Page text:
Skip to main content

An irrational dream

Image source

Pazhaniraja Elangovan trudged his way up the small slope on his rusty bicycle, a hand-me-down from one of his rare kind-hearted clients. A package, a heavy brown carton lay tied to the backseat with several ropes. The chains creaked as he pedaled harder on the slope.

Sweat trickled down his shiny brown face. Tiny buds of fresh acne dotted his forehead and chin area that was also beginning to sprout hair.

"Pazhani, don't keep loitering out in the hot sun," his Amma often chided him gently.

Pazhaniraja would dismiss his Amma's plea with silence.

She had suffered enough bringing him up single-handedly but was still worldly naive. What did she know about managing a part-time job as a local delivery boy, a night school, and a full-time dream? thought Pazhani irritatedly but also controlled his tongue.

His dream. Yes, he dreamed of owning his own business someday and making lots of money. He had many ideas but needed time to work on them.

Today, he thought excitedly. Wednesdays was usually a little free on the work front. His friend had promised to introduce him to someone who was willing to listen to his idea.

Even as he got lost in his thoughts about this meeting, his phone rang. It was his boss who had also given him the phone to attend to the ad-hoc work related calls and messages.

What now!? Pazhani frowned.

"Pie!" barked the voice, "Have you delivered the carton? Now, get to 12th Main, Rajaji Street. Mr. Sarathy will give you a parcel to be delivered to a place in Maruthi Nagar, Hambalipur."

"And, hurry on, it's urgent." added the gruff voice, almost out of breath.

Pie was what his exacting manager called Pazhaniraja because he found the latter's name tongue-twisting and would end up murdering his birth name. In fact, it was Pazhaniraja who suggested the nickname. He was fascinated by pie diagrams. Of course, there was the homophone too. Though, he never understood it.

Pie mentally calculated the distance between the two places and the time taken to cover it on his cycle. It was going to take him all day and he'd have to miss the meeting and will perhaps be late to school too.

Breathing out rapidly, Pie swung his leg over the seat and stepped up on the pedal.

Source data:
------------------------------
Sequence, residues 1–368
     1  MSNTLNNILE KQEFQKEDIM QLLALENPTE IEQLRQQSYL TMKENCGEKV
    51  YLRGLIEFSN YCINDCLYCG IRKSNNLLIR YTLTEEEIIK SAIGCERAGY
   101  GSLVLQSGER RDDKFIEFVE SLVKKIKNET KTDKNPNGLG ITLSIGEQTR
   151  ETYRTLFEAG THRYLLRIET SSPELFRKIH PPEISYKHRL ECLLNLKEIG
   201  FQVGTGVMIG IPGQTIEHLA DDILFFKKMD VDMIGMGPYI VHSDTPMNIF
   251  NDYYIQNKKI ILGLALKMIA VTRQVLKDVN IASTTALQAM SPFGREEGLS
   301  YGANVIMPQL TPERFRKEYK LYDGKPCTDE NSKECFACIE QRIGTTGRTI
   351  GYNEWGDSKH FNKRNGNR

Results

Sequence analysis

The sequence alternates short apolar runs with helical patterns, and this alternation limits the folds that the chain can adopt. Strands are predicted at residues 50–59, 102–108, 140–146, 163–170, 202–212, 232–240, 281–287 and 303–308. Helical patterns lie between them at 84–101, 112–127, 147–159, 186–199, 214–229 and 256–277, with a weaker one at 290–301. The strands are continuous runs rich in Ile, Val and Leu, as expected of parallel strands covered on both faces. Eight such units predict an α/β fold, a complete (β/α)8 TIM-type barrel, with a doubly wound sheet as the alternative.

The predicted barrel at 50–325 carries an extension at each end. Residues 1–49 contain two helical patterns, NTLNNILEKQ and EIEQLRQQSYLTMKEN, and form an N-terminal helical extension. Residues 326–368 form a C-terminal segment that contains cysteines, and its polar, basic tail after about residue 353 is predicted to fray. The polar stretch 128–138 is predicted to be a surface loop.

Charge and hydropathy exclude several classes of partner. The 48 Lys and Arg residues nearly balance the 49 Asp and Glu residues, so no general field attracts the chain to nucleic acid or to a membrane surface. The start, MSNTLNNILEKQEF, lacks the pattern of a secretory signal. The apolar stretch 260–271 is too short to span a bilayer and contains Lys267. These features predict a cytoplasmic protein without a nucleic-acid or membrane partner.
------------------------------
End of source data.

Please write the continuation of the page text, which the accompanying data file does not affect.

"I think I now understand Pi. Sometimes, even when there's no logic, one must go on!"

****

Late to link up to the second day of the BarAThon. Based the story on the prompt, "Life of Pie". 

Would you like to read the other posts in this series?

Outnumbered
A new haven
The fault lies in our stares

Comments

  1. That name surely was tongue twister!:)) Nice story and I loved how you ended it on a positive note:)

    ReplyDelete
    Replies
    1. Haha, Mayuri. We Southies can pronounce it without any effort :) Thanks you dear!

      Delete
  2. Ah, I was having a tough time reading the name as well. :) A good story, suited to the prompt.

    ReplyDelete
    Replies
    1. Hehe, I can understand. Thank you :)

      Delete
  3. While I was reading the story, I wondered why you chose such a difficult name. :)
    Liked the way you have woven this story, Uma!

    ReplyDelete
    Replies
    1. Yes, it was for a reason, Shilpa. Glad you liked it. Thank you :)

      Delete

Post a Comment

Would love to hear from you :-)
Also, please click the subscribe by Email link below the comment form to get follow-up comments to your inbox..

Popular posts from this blog

Rotting humanity

Doc, there's an emergency!

The breaking news flashes the brutal carnage. Images and voices float in my mind as I drive in manic speed to the hospital.

Of sirens blazing. Of toys and limbs lying scattered on a carpet of red and brown.

Oxygen! I scream. Pump, harder.

Doc, there's no pulse.

Shoulders slump.

I witness grief fuse into flames that rise up collectively at the mass funeral. The ashes fall lightly on me.

Will the stench of hate ever recede?

*** Written for a prompt at

Caffeinated attraction

Words jostled inside Anusha's head as she snaked her way between the tables to her favourite spot in the cozy cafe. She slid her laptop out, rested the bag beside her on the silver grey cushioned sofa and called for her favourite cappuccino. They made it just the way she preferred: the right amount of milk and coffee, the closest alternative to the filter kaapi her mom made.

Gazing out of the glass window, she sipped her beverage, letting the bitter-sweet taste linger, weighing her thoughts before her fingers could fly on the keyboard to give shape to them. The white fluffs of clouds against the clear blue skies floated gently with the summer breeze and they seemed, to the writer in her, like mischevious sheep that had strayed off the flock.

Oh, well, it's my mind that's straying now. Need to get my act right for my next submission. Anusha willed herself back to the present.

The cafe was Anusha's muse, the mecca she haunted during the weekends for the past three months…

Awaiting colours of change

It's the morning rush hour. In between flipping the dosa on the steaming pan, I scurry towards the bathroom door, impatiently asking R to hurry up and finish his bath. I scamper back to the kitchen to finish packing the lunch boxes, feeling the pressure of the husband's temporary absence which would have otherwise let me concentrate on just one part of the early-hour circus at home.

"Amma, I'm done. Please get the towel," screamed R into the empty room. Finally, I mutter and stride back to help him get dressed for school. My hands work quickly in tandem, patting him dry and squeezing the moisturizer into my palms when I notice R's. They have a flaky white colour to them, the one that comes with the skin being in contact with excessive foam and water. I apply a generous dose of the creamy lotion over them as I gently rebuke R for using so much soap.

"But, I want my skin to be light. I like light skin not dark" he quips, in almost a matter-of-fact to…